Pod husk thickness and percentage moisture content were evaluated for their influence on Phytophthora palmivora infection of resistant, moderately resistant and susceptible selections of cocoa. The aim of this work was to elucidate if thickness of the pod husk and its moisture content are resistance factors to Phytophthora pod rot in cocoa genotypes. Twelve cocoa genotypes were inoculated with Phytophthora palmivora using detached pod test at penetration and post-penetration stages of inoculation. Cocoa genotypes resistant to Phytophthora palmivora in the field and in the laboratory inoculation (SCA 6, GU225V, T85/799 and LAF 1) had the thickest pod husk and lowest moisture content in the current study suggesting that pod husk thickness and moisture content factors were involved. Susceptible cocoa clones had the thinnest pod husk and highest percentage moisture content of pod husk, suggesting that thinner pod husk with high moisture content favours Phytophthora pod rot infection. A significant negative correlation was obtained between pod husk thickness and lesion number and size on pods indicating that as thickness of the pod husk increases, lesion number and size decreases. Correlation between moisture content of pod husk and lesion number and size on pod was positive and significant suggesting that as moisture content increases, lesion number and lesion size also increases. These results suggest pod husk thickness and moisture content as resistance factors in cocoa. Nevertheless, other pod husk factors could not be excluded.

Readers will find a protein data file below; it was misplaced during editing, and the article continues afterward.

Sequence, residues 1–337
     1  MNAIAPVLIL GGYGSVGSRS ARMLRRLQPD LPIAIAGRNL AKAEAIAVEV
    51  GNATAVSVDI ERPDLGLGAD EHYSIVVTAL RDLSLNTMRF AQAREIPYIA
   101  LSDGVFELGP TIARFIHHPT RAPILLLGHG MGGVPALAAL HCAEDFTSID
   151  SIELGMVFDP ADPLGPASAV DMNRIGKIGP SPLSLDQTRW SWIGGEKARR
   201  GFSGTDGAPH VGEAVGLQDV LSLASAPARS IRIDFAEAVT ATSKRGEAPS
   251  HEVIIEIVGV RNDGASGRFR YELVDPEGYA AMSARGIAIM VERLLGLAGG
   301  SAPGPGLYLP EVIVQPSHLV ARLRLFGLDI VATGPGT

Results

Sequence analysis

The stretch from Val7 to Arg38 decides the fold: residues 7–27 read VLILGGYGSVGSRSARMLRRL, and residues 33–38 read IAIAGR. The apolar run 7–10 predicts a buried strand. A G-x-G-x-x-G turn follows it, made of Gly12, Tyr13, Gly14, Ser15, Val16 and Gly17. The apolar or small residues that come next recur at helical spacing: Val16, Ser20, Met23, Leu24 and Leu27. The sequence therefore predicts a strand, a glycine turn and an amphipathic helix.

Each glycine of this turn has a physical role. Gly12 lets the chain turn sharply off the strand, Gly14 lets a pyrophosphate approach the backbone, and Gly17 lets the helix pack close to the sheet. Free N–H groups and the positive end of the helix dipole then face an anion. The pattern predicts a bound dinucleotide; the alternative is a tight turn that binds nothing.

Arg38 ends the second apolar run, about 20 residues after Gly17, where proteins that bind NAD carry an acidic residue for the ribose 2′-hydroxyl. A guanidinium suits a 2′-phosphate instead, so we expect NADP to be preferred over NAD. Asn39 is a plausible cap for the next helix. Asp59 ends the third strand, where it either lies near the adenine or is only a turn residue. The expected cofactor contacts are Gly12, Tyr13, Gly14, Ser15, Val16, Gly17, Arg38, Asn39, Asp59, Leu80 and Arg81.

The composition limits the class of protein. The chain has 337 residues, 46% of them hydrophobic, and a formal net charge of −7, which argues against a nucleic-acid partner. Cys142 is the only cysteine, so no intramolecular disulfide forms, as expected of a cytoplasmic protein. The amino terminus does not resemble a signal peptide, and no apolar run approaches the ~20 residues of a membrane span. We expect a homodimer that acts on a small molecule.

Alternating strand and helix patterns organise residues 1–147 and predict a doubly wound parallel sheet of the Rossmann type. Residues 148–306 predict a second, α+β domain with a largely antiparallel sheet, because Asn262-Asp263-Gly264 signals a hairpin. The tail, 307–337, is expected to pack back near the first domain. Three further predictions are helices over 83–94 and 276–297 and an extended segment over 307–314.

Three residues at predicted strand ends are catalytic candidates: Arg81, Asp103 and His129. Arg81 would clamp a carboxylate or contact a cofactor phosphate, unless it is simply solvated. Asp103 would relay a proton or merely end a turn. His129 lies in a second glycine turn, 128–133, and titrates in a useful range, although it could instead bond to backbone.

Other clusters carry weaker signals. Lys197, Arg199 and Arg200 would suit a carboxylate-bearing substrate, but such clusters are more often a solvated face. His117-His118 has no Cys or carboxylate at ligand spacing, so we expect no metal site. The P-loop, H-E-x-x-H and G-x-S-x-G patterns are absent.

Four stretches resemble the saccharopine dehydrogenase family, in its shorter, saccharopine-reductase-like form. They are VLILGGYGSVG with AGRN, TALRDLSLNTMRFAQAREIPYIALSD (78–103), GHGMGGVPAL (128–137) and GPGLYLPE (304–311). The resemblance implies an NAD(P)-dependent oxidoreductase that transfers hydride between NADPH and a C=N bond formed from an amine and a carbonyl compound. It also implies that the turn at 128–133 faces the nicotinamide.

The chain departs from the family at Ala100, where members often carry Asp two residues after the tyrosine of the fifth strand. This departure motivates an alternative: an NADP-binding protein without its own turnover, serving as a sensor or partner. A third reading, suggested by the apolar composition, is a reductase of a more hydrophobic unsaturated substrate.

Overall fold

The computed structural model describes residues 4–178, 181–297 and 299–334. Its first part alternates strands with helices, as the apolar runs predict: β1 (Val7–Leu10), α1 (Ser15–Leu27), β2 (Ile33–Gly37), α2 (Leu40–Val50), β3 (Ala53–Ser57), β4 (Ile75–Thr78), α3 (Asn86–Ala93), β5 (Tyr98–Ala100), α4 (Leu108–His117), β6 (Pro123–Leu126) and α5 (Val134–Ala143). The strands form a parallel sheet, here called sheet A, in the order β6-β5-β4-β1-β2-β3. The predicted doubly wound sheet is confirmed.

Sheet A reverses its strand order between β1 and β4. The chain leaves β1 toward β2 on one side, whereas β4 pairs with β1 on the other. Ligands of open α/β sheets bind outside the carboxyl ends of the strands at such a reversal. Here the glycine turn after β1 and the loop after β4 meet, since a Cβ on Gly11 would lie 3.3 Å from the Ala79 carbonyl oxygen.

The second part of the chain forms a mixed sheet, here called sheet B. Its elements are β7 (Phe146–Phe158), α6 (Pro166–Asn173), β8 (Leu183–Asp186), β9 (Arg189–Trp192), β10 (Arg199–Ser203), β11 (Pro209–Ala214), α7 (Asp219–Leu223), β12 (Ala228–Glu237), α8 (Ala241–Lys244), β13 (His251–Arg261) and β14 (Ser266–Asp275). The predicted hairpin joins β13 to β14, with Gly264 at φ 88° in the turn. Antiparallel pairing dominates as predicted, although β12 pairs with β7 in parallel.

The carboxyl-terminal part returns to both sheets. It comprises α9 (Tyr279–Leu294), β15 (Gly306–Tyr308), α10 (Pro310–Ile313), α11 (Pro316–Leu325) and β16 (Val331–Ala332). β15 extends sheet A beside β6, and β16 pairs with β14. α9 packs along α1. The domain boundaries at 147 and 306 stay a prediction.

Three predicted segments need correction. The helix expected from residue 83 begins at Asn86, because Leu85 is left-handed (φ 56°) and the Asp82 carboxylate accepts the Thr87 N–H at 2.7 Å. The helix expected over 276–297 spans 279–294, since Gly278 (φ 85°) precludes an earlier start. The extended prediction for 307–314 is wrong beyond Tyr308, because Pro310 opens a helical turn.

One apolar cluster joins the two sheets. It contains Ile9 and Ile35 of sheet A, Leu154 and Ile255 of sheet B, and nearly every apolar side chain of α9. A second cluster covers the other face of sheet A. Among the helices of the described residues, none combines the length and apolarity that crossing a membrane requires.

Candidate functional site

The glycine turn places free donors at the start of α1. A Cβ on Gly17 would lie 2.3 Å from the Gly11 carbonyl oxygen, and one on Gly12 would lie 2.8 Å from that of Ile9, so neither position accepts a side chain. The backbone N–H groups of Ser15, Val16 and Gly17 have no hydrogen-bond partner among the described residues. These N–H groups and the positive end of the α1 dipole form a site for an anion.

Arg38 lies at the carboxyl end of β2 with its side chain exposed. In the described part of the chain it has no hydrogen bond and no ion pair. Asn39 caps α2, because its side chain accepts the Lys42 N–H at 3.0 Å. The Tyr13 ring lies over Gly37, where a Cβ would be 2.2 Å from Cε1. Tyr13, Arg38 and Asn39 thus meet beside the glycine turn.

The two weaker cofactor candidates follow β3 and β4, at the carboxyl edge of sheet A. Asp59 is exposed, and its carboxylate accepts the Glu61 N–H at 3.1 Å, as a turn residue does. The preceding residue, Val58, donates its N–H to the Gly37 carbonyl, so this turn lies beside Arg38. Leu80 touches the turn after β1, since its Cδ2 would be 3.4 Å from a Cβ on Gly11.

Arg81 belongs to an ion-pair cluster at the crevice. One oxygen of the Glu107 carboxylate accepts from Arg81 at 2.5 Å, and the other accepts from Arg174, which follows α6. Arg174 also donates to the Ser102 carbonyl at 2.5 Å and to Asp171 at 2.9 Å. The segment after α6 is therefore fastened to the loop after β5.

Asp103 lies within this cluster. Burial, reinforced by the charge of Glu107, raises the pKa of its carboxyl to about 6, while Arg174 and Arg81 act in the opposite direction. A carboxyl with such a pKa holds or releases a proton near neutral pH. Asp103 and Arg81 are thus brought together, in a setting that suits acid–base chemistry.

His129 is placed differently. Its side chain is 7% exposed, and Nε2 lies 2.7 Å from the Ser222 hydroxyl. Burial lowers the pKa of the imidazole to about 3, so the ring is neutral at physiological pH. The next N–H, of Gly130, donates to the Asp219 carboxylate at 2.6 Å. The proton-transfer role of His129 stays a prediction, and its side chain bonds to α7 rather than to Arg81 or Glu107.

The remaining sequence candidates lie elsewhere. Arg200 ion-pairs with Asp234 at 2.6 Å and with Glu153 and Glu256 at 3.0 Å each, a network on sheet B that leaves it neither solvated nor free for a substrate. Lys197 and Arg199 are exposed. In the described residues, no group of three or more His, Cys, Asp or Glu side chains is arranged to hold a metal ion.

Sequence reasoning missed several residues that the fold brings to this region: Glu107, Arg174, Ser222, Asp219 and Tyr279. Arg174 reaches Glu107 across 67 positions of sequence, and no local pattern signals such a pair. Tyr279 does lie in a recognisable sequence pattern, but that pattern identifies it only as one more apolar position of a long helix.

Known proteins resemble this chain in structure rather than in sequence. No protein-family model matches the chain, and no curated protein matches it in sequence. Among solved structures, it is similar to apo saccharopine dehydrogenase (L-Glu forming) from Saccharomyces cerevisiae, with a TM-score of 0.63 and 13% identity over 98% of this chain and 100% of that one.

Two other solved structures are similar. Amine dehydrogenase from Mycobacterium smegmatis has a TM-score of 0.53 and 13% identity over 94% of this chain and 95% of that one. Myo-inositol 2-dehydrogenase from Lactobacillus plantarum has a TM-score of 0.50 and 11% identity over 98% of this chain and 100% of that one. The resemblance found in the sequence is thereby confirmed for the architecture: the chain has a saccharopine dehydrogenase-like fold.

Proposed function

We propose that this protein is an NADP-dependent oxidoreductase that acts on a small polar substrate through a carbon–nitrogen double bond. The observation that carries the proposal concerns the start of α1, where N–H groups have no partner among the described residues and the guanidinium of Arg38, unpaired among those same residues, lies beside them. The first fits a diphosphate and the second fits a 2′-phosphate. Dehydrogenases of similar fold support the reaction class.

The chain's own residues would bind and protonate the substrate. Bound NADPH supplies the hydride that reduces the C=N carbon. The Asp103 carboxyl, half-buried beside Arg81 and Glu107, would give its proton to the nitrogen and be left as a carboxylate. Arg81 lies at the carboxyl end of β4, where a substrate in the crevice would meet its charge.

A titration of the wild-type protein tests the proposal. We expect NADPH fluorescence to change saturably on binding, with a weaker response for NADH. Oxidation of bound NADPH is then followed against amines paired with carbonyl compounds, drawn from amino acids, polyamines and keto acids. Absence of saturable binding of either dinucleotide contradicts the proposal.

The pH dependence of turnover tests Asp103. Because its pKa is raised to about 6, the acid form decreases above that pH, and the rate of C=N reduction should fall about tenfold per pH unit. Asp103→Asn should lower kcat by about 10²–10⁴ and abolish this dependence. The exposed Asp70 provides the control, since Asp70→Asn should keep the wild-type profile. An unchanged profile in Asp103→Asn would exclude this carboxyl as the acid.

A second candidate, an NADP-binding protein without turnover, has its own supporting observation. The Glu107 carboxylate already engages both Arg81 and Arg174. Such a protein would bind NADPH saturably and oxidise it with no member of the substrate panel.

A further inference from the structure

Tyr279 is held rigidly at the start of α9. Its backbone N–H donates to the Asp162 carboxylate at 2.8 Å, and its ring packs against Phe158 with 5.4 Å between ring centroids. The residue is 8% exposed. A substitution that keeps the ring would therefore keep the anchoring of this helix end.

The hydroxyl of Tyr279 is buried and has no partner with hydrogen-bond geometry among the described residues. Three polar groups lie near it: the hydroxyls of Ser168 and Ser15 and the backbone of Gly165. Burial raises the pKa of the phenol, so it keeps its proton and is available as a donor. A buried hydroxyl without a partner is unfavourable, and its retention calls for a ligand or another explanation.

D. Nyadanu, M.K. Assuah, B. Adomako, Y.O. Asiama and Y. Adu-Ampomah, 2011. Thickness of the Cocoa Pod Husk and its Moisture Content as Resistance Factors to Phytophthora Pod Rot. International Journal of Agricultural Research, 6: 310-322.